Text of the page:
There are a number of circumstances where it is clear that an animal (or a person) is dead, even though there still may be some spontaneous movement of the limbs of the animal. Thus, Rav Yehuda quotes Shmuel as saying that when someone’s neck is broken and the majority of the flesh in that area is torn, that person will already have the status of a dead body that ritually defiles the area where it is found. Although the Gemara points to a case where it appears that this status can be attained when the neck is broken even if the flesh remains intact – the story of Eli ha-Kohen who falls backwards and breaks his neck upon hearing that the Holy Ark was taken captive in a war with the Philistines (see I Shmuel 4:18) – it explains that this was due to Eli’s old age and heaviness.
In the course of this discussion, the Gemara quotes a Mishnah in Masechet Oholot (1:6) that if an animal’s head is cut off, then there is immediate ritual defilement; it is viewed like the tail of a salamander that continues to twitch even after it is removed from the body of the salamander.
After the limb of a living creature is separated from the body, the nerves of that limb continue to operate in an uncontrolled manner for a short time due to the continued functioning of the neurotransmitters that still send out signals to the limb. Although the muscles continue to flex in response to these neurological signals, this is not necessarily an indication of life.
In contemporary discussions about establishing a working definition of “time of death” and the possibility that “brain death” – a cessation of all recorded brain-stem activity – may be viewed as halakhic death, the Mishnah in Masechet Oholot that discusses the ramifications of cutting off one’s head serves as a key source from the Talmud, opening the possibility of harvesting organs for transplant purposes.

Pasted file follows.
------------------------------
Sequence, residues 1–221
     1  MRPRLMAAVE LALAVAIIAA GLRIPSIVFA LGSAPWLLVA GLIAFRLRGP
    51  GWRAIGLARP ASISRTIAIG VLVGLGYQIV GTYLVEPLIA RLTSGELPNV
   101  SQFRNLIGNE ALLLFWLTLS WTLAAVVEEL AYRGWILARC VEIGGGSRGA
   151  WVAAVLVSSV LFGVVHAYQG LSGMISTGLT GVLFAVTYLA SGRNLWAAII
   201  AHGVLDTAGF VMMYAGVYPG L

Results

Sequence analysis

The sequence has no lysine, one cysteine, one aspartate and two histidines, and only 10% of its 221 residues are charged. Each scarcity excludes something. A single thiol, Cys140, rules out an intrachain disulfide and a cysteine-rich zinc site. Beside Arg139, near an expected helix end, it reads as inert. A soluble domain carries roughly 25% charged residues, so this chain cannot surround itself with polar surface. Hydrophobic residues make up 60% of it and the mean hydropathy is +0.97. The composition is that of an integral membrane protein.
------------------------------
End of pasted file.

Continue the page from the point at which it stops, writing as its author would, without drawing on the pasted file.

Chullin 22a-b: Bringing sacrifices from fowl
According to the Torah (Sefer Vayikra 1:14), the two types of birds that can be brought as sacrifices are torim and benei yonah – turtledoves and pigeons. The tor that is referred to is identified as Streptopelia turtur, while the yonah is identified as Columba livia domestica. These birds are consistently referred to differently, the former are called torim, while the latter are called benei yonah. This is understood by the Sages to mean that a tor is only qualified to be brought as a sacrifice when it is an adult bird, while the yonah can only be brought when it is young, before it reaches adulthood. According to the Mishnah on today’s daf, these two periods are mutually exclusive, and what would be an appropriate sacrifice in a pigeon would be inappropriate in a dove, and vice versa. The cut-off point between the two is just four or five days after hatching, when the bird’s body becomes covered with plumage – gold in the case of torim and yellow in the case of benei yonah.
The ruling of the Mishnah is that torim that are too small and benei yonah that have already reached adulthood cannot be brought as sacrifices and therefore performing melikah on them (see above, daf, or page 19, for a description of melikah) would not be effective in any way.
In explanation of the difference between the two, the Rambam in his Moreh Nevukhim (3:46) argues that the meat of the turtledove is better when it is more mature, while that of the pigeon is better when the bird is young. The Ramban in his Commentary to the Torah (Vayikra 1:14) offers another suggestion, pointing to the different nature of each of these birds. Adult turtledoves are loyal to their mate to the extent that if one’s mate dies, the other will not choose another partner. This represents the relationship that exists between the Jewish People and God. In contrast, pigeons are jealous creatures that separate and switch mates, even as they are happy and content in their early stages of development.
Chullin 23a-b: An animal that is no longer a lamb but is not yet a ram
On today’s daf, Rabbi Zeira raises the following question: If a man commits himself to bringing a burnt-offering from a ram (an adult) or a lamb (a younger animal), but, in fact, brings a palges – an “in-between” animal – what is the halacha?
The Gemara points out that according to Rabbi Yohanan it is clear that he can offer the palges together with the libations that are appropriate for the larger animal. He believes that a palges is a beriah bifnei atzmah – that it has a unique status and situation, as it is neither a keves nor an ayil – and that the passage o la-ayil “or for a ram” (see Bamidbar 15:11) should be understood as including a palges. The Tosafot Yom Tov explains that the word o – “or” – refers to something aside from the ram and it is as though the Torah had written “Thus shall it be done for each bullock, or for each palges or for each ram.”